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Chapter 14 DECISION MAKING: RELEVANT COSTS AND BENEFITS
1. Decision Making Process (1) Six Steps in the Decision Making Process (a) Clarify the decision problem (b) Specify the criterion (c) Identify the alternatives (d) Develop a decision model: The model includes the criterion, the constraints, and the alternatives. (f) Collect the data (g) Select an alternative Note) Although the managerial accountant collects and presents quantitative information (e.g., cost or profit), a skilled manager should rely on his or her judgment and experience to evaluate the qualitative factors of each situation, factors which often do not easily fit into decision models. (2) Determining Usefulness of Information (a) Relevance: Information is relevant if it is pertinent to a decision problem. (b) Accuracy: Information must be precise. (c) Timeliness: Information must be available in time for a decision. (3) Managerial Accountant's Primary Role in the Decision Making Process To provide information relevant to the decisions faced by managers; That is, (a) Decide what information is relevant to each decision problem, and (b) Provide accurate and timely data, keeping in mind the proper balance between these often conflicting criteria. 2. Identifying Relevant Revenues/Costs A relevant revenue/cost is a revenue/cost that is applicable to a particular decision that should have a bearing on which alternative a manager selects. Avoidable costs are relevant costs that can be eliminated (in which or in part) as a result of choosing one alternative over another. All revenues/costs are avoidable, EXCEPT: (1) Sunk costs: A cost that has already been incurred and that cannot be avoided regardless of which course of action a manager may decide to take. (2) Future revenues/costs that do not differ between the alternative at hand. 3. Analysis of Decisions (1) Accept or Reject a Special Offer (a) With excess (idle) capacity: Only variable costs associated with the special offer are relevant. Fixed costs are usually irrelevant. (b) No excess capacity: The opportunity cost of the lost contribution margin from regular higher priced sales and variable costs associated with the special offer are relevant. (2) Make or Buy a Product or Service The key is the proper handling of fixed costs. Since the per-unit cost of a product includes a unitized portion of fixed costs (i.e., fixed costs that may continue even if the product is purchased elsewhere at a lower price), the information should be presented to emphasize that total costs will not change with the number of units produced. (3) Add or Drop a Service, Product, or Department The key is the proper handling of fixed costs & opportunity cost. (a) Ascertain whether fixed costs are avoidable or unavoidable because although a product line cannot cover ALL its fixed costs, it may be covering its AVOIDABLE fixed costs and at least contributing toward the unavoidable fixed costs; (b) The opportunity cost of lost CM, including the effects on the other operation, should be also factored into the decision. (4) Joint Products: Sell or Process Further The key is considering only the increase in process costs after split-off point (called separable processing
All manufacturing costs up to that point are joint costs (which are usually allocated to the each product based on relative sales value method). The split-off point is the point in the process at which the products are distinguishable from one another. and therefore.. when there are limitations on machine time. (b) Decisions based on expected values: The expected value of a random variable (e. (1) (2) (3) (3) The Common Pitfalls in Decision Making Sunk costs are irrelevant. may not be fixed when multiple (and more appropriate) cost drivers are used. 4. should be identified and included in a decision analysis. 5. (5) Decisions Involving Limited Resources The key is that a decision should be made on the basis of the CM per unit of scare resource. Those joint costs are sunk costs and irrelevant to sell now or process further decision. or raw materials (scarce resources). not on the basis of the CM per product. Allocated common fixed costs may be unavoidable and irrelevant. (2) Costs that are fixed under a conventional costing system. 14-2 . What will change is the decision maker’s ability to determine costs and benefits that are relevant to the decision. for example. labor hours. each weighted by its probability.g. CM) is equal to the sum of the possible values for the variable. A decision model which considers multiple scarce resources is linear programming (See appendix). Opportunity costs are relevant. Fixed costs may be misleading if presented on a per-unit basis. The avoidable costs should be identify. (6) Techniques for Addressing the Impact of Uncertainty (a) Sensitivity analysis: A technique for determining what would happen in a decision analysis if a key prediction or assumption proves to be wrong.Management Accounting SW YOO cost) and comparing it to the increase in revenue the extra processing brings. Activity-Based Costing and Decision Making (1) The relevant-costing concepts in an activity-based-costing environment do not change.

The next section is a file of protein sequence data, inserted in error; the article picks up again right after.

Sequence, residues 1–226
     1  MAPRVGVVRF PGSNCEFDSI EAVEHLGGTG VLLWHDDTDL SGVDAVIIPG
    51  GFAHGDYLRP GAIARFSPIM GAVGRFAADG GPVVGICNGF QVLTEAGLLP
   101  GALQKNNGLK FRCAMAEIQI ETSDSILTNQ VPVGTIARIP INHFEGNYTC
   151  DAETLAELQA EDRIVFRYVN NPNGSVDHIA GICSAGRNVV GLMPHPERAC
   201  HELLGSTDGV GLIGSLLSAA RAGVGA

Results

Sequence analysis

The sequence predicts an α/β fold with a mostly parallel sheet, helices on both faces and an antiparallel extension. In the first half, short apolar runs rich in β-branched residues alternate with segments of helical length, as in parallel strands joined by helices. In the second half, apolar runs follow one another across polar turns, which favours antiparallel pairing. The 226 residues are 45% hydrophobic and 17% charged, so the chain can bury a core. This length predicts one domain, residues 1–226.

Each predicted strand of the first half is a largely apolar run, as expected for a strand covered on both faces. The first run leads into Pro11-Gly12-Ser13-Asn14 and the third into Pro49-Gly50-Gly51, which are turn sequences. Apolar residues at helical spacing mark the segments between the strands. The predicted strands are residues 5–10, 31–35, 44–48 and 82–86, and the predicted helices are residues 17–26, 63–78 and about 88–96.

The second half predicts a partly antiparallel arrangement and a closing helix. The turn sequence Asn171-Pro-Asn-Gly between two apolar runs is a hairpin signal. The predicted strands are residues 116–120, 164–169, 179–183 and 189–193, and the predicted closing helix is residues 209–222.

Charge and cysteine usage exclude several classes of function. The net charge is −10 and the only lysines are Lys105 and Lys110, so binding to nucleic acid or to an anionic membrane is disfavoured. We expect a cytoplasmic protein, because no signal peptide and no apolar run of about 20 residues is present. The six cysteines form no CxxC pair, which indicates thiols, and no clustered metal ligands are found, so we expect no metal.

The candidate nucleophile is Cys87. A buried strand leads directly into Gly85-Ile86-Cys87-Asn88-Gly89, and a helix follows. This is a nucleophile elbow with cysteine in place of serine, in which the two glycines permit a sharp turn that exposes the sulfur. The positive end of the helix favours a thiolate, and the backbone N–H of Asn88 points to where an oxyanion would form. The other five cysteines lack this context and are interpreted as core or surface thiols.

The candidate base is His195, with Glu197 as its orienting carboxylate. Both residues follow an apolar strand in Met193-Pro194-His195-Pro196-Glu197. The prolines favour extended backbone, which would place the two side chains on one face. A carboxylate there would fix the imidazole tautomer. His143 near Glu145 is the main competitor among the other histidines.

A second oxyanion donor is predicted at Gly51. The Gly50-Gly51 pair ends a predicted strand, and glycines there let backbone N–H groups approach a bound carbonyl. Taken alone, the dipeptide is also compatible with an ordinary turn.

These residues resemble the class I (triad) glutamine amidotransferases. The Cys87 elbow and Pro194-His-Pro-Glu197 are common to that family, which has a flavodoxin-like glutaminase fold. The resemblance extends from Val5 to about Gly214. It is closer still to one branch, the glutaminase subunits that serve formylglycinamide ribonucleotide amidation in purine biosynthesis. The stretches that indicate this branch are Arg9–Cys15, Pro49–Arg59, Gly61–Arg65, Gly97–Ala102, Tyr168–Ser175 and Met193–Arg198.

000. wants to replace an old machine with a new.000) $45.000 Difference $ - (Short Analysis: Relevant cost analysis) Relevant Cost Analysis Savings in variable expenses provided by the new machine Cost of the new machine Disposal value of old machine Net effect 14-3 .000 (15.old Disposal of old machine Total net income Keep Old Machine $1.000 100.Management Accounting SW YOO EXAMPLES 1.000 5 Old machine: Original cost Remaining book value Disposal value now Annual variable expenses Remaining life in years $72. more efficient machine.000. White’s sales are $200.000 per year.000 80.000 Purchase New Machine $1. Fixed expenses. more efficient machine.000 per year.000 (Analysis 2: Comparative income analysis) For Five Years Sales Variable expenses Other fixed expenses Depreciation .new Depreciation . New machine: List price Annual variable expenses Expected life in years $90. other than depreciation.000 5 A manager at White Co.000 15. Should the manager purchase the new machine? (Analysis 1) The manger recommends that the company not purchase the new because: Remaining book value Disposal value Loss from disposal $60.000 60. Sunk Costs are not Relevant Costs A manager at White Co. wants to replace an old machine with a new. are $70.